Therefore, it is important to acknowledge that the energy balance model is an oversimplified representation of the complex interplay of factors that contribute to obesity, and it may not capture the full complexity of the human body’s response to energy intake and expenditure. While further research is needed to better understand the multifactorial nature of obesity and develop more comprehensive models that consider the complexities of human physiology, metabolism, and behaviour, it’s also possible that the clues are already in the scientific literature, but they are unlikely to be found in studies that are based on a fundamental oversimplification of (and I would go further to say wrong) system modelling.

In Summary

  1. The misunderstanding of stomach ulcers and trans-fats shows that widely held views in medicine and nutrition can be incorrect.
  2. The widely accepted view is that obesity is caused by an energy surplus as calories consumed are greater than calories expended.
  3. It is a valid exercise to personally challenge fundamental that model assumption and may be necessary for obesity science, medicine, and treatment to solve one of the biggest health problems of our time.
  4. Clearly, it is the accumulation of excess fuel as fat in the body leads to weight gain and obesity.
  5. The physics ground rules for understanding obesity are the law of conservation of mass and the relationship between mass and energy (E=mc2).
  6. From conservation of mass, most of the weight lost is through breathing out ‘waste’ CO2, while the mass of the chemical bonds of fuel converted into energy is negligible.
  7. Calories are the output of metabolic processes, not an input, and should be seen as the output of the food-to-energy conversion process.
  8. Summary points 4 to 7 provide a solid starting point to examine the energy balance model of obesity.

The EBM Clearly Has Some Validity

I acknowledge that studies show that when individuals consume more potential calories than they expend, they gain weight, and when they consume fewer potential calories than they expend, they lose weight, so it is reasonable to conclude that an energy imbalance has a role in the development of obesity, and while the energy balance model may have invalid assumptions, it has been useful as a principle to guide interventions for many individuals who struggle with obesity.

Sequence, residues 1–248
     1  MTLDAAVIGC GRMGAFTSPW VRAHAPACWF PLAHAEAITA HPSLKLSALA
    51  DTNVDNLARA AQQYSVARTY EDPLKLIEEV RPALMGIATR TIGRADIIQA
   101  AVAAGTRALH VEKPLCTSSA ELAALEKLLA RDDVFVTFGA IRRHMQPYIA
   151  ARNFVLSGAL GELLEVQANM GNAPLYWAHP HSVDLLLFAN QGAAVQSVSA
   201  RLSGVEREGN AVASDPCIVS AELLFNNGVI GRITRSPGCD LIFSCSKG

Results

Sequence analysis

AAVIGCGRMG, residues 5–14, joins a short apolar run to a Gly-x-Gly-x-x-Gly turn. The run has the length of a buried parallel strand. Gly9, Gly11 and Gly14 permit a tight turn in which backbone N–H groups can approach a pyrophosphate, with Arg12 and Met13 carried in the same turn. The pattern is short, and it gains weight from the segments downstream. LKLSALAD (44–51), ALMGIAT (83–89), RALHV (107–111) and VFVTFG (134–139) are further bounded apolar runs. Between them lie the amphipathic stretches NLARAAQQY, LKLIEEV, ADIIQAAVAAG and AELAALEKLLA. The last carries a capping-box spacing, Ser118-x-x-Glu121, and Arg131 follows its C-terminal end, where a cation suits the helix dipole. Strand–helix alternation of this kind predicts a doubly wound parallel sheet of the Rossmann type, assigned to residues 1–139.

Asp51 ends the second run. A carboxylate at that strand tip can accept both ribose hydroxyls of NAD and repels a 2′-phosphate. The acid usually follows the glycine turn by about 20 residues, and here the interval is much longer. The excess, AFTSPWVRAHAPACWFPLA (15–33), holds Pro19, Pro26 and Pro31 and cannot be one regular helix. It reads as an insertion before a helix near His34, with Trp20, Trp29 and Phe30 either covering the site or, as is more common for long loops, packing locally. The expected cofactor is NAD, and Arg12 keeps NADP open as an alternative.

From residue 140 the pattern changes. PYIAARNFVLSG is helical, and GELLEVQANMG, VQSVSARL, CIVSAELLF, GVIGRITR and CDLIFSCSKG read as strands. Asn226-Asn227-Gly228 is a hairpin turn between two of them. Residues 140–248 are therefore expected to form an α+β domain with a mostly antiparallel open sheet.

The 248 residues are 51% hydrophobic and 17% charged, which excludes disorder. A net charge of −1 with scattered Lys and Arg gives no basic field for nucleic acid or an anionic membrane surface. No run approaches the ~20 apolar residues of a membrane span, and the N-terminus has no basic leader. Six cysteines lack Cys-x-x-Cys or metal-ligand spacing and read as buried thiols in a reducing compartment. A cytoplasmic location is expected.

Additionally, approaches that focus on reducing caloric intake, increasing physical activity, and improving overall health behaviours clearly have positive effect. The energy balance model has been well-supported by observational research and is widely accepted in the scientific community but none of that makes a model correct. While the EBM appears to be based on the principle of conservation of energy, which is a fundamental law of physics of CLOSED SYSTEMS, more fundamental are the laws of conservation of mass and energy mass conversion which form a physics base that do not conflate energy with mass.

Where to From Here?

This is the end of part one and I think I have achieved the aim of demonstrating that there is a case to be answered.  In further parts, I will move on to look further into the implications of these and other surfaced assumptions and incorrect systems modelling to propose different ways to consider the problem that are consistent with existing evidence and importantly, use good system modelling.


[1] The Conservation of Mass. (n.d.). Scitable by Nature Education. Retrieved from

[2] Ruben Meerman and Andrew J. Brown. (2014). When we lose weight, where does it go? The Conversation. Retrieved from

[3] Mass-energy equivalence. (n.d.). In Wikipedia. Retrieved from